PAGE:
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No cheap way out for Transocean

Offshore drilling specialist Transocean cannot limit its liability in the Gulf of Mexico oil slick disaster as the company with headquarters in Zug had tried to do.

A federal judge in Houston, Texas, ruled on Monday that the owner of the Deepwater Horizon oil rig that exploded and sank cannot use a 159-year-old maritime law to cap its damages at $27 million (SFr30.8 million).

The Limitation of Liability Act of 1851 states that a vessel owner is only liable for the post-accident value of the vessel and cargo as long as the owner can prove that he had no knowledge of negligence in the accident.

The so-called “Titanic-clause” was used effectively in 1912, when the owners of the Titanic tried to limit their liability after the ship’s accident.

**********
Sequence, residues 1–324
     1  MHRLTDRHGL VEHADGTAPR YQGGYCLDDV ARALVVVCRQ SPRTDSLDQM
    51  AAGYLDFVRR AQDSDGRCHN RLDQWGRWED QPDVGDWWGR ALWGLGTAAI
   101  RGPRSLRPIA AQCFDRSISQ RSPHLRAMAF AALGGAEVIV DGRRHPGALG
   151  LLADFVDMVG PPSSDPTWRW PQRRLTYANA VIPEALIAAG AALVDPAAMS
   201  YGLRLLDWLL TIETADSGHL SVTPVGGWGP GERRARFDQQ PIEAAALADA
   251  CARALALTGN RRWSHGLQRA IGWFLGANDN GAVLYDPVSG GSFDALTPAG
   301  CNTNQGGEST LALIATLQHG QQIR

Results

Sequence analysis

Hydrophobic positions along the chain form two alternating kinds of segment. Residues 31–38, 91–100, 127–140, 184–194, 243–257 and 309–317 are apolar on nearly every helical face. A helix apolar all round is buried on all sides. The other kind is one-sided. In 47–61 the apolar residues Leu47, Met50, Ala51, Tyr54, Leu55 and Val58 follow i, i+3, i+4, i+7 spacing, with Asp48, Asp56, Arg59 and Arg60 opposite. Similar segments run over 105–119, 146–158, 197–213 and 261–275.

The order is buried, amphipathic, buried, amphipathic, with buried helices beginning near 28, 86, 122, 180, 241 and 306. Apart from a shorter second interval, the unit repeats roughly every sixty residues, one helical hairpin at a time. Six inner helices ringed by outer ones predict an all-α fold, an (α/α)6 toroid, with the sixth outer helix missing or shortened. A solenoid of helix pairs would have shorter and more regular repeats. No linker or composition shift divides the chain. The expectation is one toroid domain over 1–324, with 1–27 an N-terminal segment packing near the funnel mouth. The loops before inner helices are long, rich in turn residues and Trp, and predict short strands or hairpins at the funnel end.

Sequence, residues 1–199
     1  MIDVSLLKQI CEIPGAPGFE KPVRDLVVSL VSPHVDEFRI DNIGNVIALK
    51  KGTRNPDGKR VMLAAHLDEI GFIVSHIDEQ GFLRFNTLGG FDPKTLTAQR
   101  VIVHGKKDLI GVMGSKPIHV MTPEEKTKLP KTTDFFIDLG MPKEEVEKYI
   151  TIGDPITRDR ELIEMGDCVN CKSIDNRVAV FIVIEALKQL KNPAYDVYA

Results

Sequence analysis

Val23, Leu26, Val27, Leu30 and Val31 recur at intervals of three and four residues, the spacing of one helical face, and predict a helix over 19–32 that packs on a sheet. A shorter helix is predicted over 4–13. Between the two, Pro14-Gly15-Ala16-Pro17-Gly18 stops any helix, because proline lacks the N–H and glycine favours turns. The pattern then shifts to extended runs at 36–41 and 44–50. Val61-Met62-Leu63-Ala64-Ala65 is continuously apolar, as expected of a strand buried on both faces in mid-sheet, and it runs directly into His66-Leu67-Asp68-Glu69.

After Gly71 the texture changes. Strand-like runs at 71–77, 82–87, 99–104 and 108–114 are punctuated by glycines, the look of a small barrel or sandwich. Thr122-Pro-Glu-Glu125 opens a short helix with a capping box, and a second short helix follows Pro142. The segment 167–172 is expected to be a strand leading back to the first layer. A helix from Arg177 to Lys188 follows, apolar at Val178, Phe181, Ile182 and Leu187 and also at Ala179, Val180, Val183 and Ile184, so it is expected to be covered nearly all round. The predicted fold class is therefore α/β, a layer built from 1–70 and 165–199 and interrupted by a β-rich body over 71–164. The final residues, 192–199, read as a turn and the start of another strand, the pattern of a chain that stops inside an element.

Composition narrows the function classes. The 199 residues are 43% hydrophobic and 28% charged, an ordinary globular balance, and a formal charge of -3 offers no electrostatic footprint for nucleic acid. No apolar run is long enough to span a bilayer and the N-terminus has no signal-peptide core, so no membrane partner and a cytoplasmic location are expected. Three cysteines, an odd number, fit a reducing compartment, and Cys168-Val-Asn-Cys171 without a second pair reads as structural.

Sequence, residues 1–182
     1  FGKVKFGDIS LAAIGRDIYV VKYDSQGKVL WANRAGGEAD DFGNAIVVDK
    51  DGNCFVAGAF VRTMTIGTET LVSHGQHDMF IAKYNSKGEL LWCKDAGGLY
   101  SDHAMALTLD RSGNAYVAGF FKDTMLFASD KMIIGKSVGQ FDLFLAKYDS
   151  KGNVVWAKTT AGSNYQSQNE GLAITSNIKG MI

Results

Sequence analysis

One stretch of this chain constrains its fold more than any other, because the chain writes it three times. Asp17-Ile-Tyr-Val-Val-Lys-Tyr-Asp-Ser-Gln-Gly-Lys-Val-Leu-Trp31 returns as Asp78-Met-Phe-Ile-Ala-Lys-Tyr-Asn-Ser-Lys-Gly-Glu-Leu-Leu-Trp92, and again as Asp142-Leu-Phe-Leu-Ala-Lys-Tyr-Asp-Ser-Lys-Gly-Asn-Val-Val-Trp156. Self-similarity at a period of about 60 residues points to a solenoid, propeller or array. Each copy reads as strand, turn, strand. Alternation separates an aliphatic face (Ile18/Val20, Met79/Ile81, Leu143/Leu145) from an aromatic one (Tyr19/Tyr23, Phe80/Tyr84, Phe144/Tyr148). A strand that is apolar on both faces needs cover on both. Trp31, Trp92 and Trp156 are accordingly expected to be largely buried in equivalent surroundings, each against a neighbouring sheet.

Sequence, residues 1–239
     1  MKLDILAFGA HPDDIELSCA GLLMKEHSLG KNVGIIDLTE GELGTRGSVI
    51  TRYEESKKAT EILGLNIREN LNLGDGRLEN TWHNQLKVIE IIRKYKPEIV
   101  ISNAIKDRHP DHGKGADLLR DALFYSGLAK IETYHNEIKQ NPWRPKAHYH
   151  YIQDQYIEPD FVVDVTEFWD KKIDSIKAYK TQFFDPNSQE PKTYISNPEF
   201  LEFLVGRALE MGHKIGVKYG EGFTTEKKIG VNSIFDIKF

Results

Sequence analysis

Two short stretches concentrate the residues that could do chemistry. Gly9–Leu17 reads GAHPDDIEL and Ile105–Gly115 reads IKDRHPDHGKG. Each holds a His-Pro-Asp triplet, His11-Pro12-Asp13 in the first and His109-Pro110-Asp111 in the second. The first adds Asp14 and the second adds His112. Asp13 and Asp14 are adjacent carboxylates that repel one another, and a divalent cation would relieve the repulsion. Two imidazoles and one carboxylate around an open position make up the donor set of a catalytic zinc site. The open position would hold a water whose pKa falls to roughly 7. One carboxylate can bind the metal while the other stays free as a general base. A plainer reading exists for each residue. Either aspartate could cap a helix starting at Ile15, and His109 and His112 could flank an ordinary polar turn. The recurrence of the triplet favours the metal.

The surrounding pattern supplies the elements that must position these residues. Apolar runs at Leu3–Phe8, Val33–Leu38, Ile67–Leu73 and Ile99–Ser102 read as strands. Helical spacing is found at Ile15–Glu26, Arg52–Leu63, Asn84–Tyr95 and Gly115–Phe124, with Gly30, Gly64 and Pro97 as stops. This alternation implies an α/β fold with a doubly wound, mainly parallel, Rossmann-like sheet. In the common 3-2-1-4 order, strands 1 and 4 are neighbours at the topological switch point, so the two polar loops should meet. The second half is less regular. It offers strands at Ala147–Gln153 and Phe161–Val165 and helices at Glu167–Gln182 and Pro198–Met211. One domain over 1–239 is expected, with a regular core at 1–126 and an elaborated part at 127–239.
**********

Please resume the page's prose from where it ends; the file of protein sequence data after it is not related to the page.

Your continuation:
On April 20, an explosion and fire killed 11 crew members and destroyed the Transocean-owned semisubmersible Deepwater Horizon drilling rig, positioned near Venice, Louisiana, in water nearly 5,000 feet deep.

The rig, one of the largest and most sophisticated in the world, had been under contract to BP, the London-based oil giant, since September 2007.

The Deepwater Horizon accident spewed thousands of barrels of oil a day into the Gulf of Mexico, and experts said it could become the largest oil spill in history.

The group’s Chief Executive Tony Hayward is expected to face harsh questioning at a congressional hearing on Thursday. and agencies

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